Kate Ferdinand was applauded by fans for sharing a no makeup video revealing her pregnancy pigmentation, melasma.
Sharing a clip from the recording of the latest episode of her podcast, Blended, the former reality star revealed that she decided to “be brave” and go bare-faced during filming.
Kate, who married former soccer player Rio Ferdinand in September 2019, is currently pregnant with her second child and has shared details of her pregnancy journey on the podcast, including the stigma surrounding being silent in the first trimester.
The couple welcomed their first child, son Cree, in December 2020 and Kate is also stepmom to Rio’s three children by his late wife: Lorenz, 16, Tate, 14, and Tia, 11.
To know more: Kate Ferdinand reveals the gender of her baby, but says the gender reveal didn’t go to plan
More recently Kate discussed her struggles with melasma, a common adult skin condition in which brown or grayish patches of pigmentation (color) develop, usually on the face.
“I’ve talked a lot over the years about my pigmentation and I don’t feel confident without makeup,” she wrote on Instagram.
“Being pregnant and recently on vacation means the pigmentation is a little worse at the moment. But I thought you were brave (and this seems brave) and I’m not wearing makeup for this mini episode.”
After sharing the clip and accompanying caption, fans were quick to praise the former TOWIE star for his opening.
“You look beautiful, Kate, I’m glad you are [sic] embracing your natural self and looking natural is beautiful, well done to embrace that and being a little vulnerable you wear the pigmentation very well,” wrote one user.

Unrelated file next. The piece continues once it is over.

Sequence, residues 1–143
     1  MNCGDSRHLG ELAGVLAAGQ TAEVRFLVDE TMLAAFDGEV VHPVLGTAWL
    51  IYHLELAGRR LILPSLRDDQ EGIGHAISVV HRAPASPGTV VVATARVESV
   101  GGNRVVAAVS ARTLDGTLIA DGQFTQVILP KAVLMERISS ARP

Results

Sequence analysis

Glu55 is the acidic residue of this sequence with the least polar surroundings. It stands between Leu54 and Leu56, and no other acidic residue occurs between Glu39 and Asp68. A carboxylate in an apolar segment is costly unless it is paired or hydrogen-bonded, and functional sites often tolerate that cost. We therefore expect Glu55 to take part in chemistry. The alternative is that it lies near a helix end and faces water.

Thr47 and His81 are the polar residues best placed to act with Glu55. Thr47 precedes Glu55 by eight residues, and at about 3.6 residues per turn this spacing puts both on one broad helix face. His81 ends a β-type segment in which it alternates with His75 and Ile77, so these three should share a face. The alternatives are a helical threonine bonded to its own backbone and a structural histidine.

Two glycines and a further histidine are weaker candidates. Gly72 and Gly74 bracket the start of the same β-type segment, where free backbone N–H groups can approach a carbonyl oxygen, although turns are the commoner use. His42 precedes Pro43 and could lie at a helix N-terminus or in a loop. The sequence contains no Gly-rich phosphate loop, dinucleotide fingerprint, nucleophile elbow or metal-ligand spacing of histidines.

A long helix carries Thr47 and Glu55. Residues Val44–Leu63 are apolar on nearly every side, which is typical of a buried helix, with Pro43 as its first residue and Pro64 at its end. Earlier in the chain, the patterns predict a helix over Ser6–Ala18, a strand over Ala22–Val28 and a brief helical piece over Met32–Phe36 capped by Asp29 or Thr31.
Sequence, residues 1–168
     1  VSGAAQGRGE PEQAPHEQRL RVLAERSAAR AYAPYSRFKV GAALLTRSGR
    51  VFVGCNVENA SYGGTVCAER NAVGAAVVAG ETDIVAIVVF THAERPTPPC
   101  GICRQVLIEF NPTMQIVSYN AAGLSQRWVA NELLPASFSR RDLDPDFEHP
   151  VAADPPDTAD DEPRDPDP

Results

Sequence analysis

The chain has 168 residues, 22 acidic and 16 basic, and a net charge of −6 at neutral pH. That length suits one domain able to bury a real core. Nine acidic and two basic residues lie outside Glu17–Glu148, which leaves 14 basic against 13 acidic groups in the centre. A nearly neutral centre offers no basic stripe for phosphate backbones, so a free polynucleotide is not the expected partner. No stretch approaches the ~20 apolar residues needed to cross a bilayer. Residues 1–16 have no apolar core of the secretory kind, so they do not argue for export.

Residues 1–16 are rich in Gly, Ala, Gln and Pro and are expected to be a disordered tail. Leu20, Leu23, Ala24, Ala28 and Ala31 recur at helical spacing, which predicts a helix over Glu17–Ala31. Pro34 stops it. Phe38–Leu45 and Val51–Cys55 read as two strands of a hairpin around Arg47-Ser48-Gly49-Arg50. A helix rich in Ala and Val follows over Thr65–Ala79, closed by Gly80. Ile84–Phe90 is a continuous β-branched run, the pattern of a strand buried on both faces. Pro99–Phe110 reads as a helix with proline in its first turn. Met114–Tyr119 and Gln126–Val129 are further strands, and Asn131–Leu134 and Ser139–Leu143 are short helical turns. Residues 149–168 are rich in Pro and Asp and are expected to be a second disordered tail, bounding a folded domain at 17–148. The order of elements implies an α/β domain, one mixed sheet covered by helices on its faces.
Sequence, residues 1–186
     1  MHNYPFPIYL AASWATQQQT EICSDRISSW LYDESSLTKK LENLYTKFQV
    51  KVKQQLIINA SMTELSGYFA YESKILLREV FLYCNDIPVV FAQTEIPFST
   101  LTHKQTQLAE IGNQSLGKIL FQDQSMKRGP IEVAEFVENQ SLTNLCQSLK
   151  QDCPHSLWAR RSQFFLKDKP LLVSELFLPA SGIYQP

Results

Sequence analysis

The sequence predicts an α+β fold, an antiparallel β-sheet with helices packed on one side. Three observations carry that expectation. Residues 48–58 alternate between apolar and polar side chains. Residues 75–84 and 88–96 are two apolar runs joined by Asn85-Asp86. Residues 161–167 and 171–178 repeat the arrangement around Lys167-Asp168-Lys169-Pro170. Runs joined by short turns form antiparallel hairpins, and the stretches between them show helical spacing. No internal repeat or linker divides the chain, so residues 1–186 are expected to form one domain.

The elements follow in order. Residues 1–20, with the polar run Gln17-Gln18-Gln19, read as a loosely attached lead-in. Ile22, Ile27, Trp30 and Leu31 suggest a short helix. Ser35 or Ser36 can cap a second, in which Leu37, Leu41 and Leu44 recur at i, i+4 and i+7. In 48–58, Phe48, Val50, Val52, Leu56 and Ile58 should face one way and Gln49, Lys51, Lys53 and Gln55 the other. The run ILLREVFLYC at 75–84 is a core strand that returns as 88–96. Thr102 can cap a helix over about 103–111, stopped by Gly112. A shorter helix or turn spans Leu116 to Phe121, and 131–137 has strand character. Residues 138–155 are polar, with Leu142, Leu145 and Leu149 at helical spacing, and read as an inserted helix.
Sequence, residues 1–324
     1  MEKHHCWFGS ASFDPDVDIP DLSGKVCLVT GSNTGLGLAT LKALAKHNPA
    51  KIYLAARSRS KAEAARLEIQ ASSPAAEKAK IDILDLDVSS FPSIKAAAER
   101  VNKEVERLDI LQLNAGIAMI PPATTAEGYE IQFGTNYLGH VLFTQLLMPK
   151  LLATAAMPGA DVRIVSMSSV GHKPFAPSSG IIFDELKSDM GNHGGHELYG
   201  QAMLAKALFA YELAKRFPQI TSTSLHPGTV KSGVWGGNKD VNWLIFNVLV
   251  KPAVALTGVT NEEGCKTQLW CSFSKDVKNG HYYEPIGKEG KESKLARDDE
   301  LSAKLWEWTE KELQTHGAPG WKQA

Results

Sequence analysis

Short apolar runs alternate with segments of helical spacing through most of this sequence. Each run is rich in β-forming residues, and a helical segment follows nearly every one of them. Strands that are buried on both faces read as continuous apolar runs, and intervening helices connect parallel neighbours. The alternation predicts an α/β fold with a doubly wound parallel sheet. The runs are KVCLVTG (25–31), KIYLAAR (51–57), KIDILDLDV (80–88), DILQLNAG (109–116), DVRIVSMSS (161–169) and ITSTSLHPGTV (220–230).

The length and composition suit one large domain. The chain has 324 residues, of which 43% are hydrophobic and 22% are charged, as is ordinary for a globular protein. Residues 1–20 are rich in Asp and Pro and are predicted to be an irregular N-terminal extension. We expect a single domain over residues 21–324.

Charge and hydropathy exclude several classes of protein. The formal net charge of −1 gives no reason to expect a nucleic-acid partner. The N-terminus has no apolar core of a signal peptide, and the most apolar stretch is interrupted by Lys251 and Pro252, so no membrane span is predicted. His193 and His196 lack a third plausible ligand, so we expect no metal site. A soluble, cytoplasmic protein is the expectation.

“This is fabulous Kate,” agreed another. “You are beautiful and we should all celebrate our skin.”
“Thanks so much,” commented another user. “So powerful to see you without makeup! You are beautiful.”
Others have shared their own struggles with pigmentation.
“I have the same problem!” one commented. “I feel like my pigmentation can make my skin look a little dirty or not ‘fresh’, let’s say, and it’s made me a little shy at times.”
“Thank you for showing the pigment. I’m in a lot of pain and never seem to see anyone doing it. We’re probably all covering it up with makeup,” wrote another.
“My pigmentation makes me look like I have a mustache… I don’t care anymore,” another user added.
It’s not the first time Kate has opened up about living with melasma. In 2021, she showed off her makeup-free skin to fans on Instagram for an unfiltered look at her facial pigmentation spots.
“Me without makeup,” she wrote in the accompanying caption. “In recent years, even with SPF50 and a hat, as soon as the sun comes out my face looks like a patchwork.”
“I always feel so insecure about it and it really brings me down. I try to cover it up at all costs.”
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What is Melasma?
Melasma, also called “chloasma” and “mask of pregnancy,” is a common skin condition in which patches of brown or grayish pigmentation (color) develop, usually on the face.
According to the British Association of Dermatologists (BAD) the name comes from melas, the Greek word for black, or cholas, from the greenish word.
The condition is more common in women, particularly during pregnancy (when up to 50% of women can be affected).
The BAD says melasma is also more common in black people and those who tan very quickly but it can happen to anyone.
“Melasma can affect the cheeks, forehead, upper lip, nose and chin, however it can also affect other sun-exposed areas of the body, namely the forearms, neck, chest and shoulders,” said Dr. Ross Perry, medical director of Cosmedics skin. clinics.